Foreign Affairs Minister Francois-Philippe Champagne has announced that Canada will suspend export of arms to Turkey over concerns of human right violations. Champagne stated on October 5, 2020 that “Canada continues to be concerned by the ongoing conflict in Nagorno-Karabakh resulting in shelling of communities and civilian casualties.” The suspension will allow Canada’s export regime to conduct an assessment of this situation.
Background on the Nagorno-Karabakh Conflict
The Nagorno-Karabakh region is composed primarily of ethnic Armenians, who have attempted to separate from Azerbaijan. This has led to a war between Armenia and Azerbaijan in 1988 through 1994. Although a cease fire has held between the two countries, no settlement has been reached over the Nagorno-Karabakh issue.
Officially, no nation currently recognizes Nagorno-Karabakh as an independent state. Recent resumptions of hostilities has raised concerns that a dramatic escalation of the conflict might ensue. During the latest Azerbaijani offensive more that 220 people have been killed.
Canadian Concerns of Turkish Involvement
Canada is concerned that Turkey may be involved in backing Azerbaijan by supplying technology in the conflict. Of special concern is the possible use of Canadian drone technology by Azerbaijani forces. Project Ploughshares, a Canadian peace institute, claims in a recent report that UAVs with Canadian supplied WESCAM EO/IR sensors were used in recent airstrikes. Turkey may have also exported UAVs with these sensors to Libya.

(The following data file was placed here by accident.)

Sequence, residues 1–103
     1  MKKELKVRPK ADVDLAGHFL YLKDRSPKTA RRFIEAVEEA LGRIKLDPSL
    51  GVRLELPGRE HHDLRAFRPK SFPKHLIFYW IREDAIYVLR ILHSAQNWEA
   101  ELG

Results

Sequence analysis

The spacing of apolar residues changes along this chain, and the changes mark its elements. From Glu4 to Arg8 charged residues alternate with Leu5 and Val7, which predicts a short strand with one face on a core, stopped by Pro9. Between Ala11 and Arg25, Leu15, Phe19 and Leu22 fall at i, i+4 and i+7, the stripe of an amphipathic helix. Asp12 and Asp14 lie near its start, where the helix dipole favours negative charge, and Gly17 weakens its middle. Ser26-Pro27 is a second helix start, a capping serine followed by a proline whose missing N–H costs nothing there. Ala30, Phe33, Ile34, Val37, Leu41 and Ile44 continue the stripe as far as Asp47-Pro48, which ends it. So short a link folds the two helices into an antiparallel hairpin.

Turkey has openly supported Azerbaijan in this conflict It has however, denied accusations of involvement in recent events. It has also claimed that Canada is employing double standards in its actions, siting Canada’s export of arms to countries with military involvement in Yemen.
Turkey has only recently imported Canadian military goods. In 2019 Turkey purchased over $150 million of defense goods making it Canada’s third largest customer.
Canada’s Next Move
Following the announcement that Canada will suspend arm exports to Turkey Prime Minister Justin Trudeau has requested Champagne to work with European allies on the escalation of military action in the area. It has called upon Armenia and Azerbaijan to negotiate through the Organization for Security and Co-operation in Europe.
The export of defense goods and technology is a complex issue given the number of international conflicts and potential conflicts. Canada has justifiable reasons for concern for its export policies regarding Turkey, though some might argue that this should have been conducted earlier.
Clearly Canada is not alone in its concern about the Nagorno-Karabakh conflict. Russia, France, and the United States have called for cessation of hostilities in the region and have asked involved parties to resume negotiations.
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